This blog will focus on political images I have found all around the Internet, though I will intersperse some commentary and quotes that I find interesting.
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Department of Homeland Security sued for storing full body scanner images
* November 6th, 2010 2:10 am PT
We’ve all been told that the whole body scanners are being implemented for our own good. We’ve been assured that our misapprehensions were unfounded. Body scanners penetrate clothing to provide a highly detailed image so accurate that it has been likened it to a virtual strip search. Technologies vary, with millimeter wave systems capturing fuzzier images, and backscatter X-ray machines able to show precise anatomical detail.
During Department of Homeland Security hearings, Janet Napolitano assured the Congress (and this writer who was present at the hearing) that all images collected by the full body scanners are not stored, cannot be stored and are discarded as soon as they're viewed. Just last summer the Transportation Security Administration claimed that "scanned images cannot be stored or recorded." Privacy advocates (including yours truly) cried foul. Turns out, they were right. Yet again we’ve been lied to by the government. Of course, as usual, the official take is that we were bamboozled for our own good.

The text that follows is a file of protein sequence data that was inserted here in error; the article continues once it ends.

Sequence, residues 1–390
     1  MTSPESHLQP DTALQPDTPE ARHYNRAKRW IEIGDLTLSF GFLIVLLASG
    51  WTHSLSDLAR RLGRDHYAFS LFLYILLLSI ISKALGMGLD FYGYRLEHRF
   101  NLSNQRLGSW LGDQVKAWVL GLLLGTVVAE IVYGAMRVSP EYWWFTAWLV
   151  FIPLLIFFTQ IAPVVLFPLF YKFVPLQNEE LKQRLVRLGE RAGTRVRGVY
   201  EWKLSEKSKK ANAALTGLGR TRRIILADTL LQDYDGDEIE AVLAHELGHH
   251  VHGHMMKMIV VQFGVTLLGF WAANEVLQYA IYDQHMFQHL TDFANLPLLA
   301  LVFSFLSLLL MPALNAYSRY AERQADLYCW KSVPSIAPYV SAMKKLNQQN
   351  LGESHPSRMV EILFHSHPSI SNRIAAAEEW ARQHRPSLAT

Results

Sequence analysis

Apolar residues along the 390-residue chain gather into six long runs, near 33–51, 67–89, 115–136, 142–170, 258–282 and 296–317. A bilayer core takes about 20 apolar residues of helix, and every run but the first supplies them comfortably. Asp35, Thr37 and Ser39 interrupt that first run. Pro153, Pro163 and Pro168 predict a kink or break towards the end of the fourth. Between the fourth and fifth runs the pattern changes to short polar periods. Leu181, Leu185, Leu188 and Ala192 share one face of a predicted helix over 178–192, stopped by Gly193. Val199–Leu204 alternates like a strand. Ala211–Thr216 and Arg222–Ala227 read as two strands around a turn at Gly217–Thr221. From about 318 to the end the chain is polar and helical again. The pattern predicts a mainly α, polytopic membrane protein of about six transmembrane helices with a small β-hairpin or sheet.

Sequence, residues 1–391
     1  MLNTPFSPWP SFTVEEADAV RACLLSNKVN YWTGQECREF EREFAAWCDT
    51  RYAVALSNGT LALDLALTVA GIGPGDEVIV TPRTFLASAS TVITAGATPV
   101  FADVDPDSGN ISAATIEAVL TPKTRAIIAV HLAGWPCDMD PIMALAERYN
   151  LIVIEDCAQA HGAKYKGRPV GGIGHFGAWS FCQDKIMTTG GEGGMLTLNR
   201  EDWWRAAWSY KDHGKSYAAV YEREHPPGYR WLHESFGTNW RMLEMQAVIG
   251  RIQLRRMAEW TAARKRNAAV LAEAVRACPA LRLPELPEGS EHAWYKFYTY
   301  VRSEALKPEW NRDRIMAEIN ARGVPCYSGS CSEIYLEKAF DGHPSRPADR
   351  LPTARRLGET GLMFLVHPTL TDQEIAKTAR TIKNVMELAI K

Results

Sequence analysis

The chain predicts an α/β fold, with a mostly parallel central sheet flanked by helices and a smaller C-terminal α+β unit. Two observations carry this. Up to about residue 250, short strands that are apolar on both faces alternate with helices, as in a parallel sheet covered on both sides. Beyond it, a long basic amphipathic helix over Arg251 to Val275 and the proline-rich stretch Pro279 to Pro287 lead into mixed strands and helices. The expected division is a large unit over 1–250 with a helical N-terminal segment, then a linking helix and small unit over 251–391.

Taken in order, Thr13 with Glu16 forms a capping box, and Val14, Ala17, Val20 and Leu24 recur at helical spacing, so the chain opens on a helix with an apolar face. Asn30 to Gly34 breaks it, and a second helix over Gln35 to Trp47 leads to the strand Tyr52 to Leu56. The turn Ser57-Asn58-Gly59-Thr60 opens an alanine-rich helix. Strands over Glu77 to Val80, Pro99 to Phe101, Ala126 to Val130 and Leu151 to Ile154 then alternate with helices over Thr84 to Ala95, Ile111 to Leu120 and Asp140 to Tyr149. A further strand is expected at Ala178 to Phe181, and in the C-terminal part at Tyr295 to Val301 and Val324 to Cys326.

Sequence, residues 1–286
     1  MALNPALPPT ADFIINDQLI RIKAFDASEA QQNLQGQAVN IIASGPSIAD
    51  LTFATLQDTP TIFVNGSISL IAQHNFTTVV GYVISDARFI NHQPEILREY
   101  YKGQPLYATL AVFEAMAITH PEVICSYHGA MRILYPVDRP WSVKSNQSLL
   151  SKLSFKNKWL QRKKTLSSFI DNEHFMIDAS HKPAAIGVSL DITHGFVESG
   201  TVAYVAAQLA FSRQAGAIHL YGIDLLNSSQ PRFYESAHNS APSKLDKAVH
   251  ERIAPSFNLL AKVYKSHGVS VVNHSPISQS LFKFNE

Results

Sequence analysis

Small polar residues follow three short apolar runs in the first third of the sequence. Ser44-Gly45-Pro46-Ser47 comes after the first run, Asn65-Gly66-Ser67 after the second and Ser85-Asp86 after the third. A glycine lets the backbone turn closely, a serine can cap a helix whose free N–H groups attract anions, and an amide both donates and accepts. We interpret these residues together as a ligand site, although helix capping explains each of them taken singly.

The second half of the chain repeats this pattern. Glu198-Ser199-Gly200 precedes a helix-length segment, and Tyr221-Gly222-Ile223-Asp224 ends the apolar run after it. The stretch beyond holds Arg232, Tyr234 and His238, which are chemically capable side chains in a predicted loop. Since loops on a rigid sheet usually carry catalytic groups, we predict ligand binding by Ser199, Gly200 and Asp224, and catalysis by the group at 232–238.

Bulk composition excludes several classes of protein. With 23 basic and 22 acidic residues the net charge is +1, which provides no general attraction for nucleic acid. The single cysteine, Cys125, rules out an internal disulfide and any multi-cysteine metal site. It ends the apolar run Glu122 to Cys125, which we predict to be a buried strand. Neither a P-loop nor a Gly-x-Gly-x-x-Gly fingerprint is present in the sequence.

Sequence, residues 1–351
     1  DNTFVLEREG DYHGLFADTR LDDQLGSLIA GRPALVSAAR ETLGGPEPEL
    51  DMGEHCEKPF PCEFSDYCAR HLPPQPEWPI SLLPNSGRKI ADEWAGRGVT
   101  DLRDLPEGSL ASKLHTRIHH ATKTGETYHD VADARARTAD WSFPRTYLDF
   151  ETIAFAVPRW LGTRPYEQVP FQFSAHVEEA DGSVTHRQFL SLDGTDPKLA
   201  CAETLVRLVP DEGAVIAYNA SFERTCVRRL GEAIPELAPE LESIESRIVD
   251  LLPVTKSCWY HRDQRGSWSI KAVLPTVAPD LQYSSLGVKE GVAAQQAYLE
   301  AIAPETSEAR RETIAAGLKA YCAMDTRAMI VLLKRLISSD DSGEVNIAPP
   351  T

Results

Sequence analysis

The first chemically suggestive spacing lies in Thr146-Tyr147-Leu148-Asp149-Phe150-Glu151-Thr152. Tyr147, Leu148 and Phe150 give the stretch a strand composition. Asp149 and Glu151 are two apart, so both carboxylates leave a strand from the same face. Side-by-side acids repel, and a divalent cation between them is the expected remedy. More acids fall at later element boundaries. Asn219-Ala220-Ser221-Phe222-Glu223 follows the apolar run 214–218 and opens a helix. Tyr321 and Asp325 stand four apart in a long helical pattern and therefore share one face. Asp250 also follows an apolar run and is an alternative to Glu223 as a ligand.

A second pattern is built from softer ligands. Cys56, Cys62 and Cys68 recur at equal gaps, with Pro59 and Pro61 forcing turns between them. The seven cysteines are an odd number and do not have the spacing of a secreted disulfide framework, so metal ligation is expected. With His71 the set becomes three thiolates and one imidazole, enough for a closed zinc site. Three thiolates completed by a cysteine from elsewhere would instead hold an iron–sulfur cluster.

Electronic Privacy Information Center (EPIC) filed a Freedom of Information Act (FOIA) request with the United States Marshals Service to obtain information about the agency's use of full body scanners for courthouse security. EPIC pursued the case in federal court, EPIC v. Department of Justice, Case No. 10-1157.
EPIC lawsuit against the Department of Justice
In the course of that litigation, EPIC has obtained an admission by the agency that a single machine has stored "approximately 35,314 images" of the full body scans of courthouse visitors over a six month period. It turns out that the U.S. Marshals Service had surreptitiously saved tens of thousands of images recorded with a millimeter wave system at the security checkpoint of a single Florida courthouse. EPIC also obtained a representative sample of the images stored by the devices.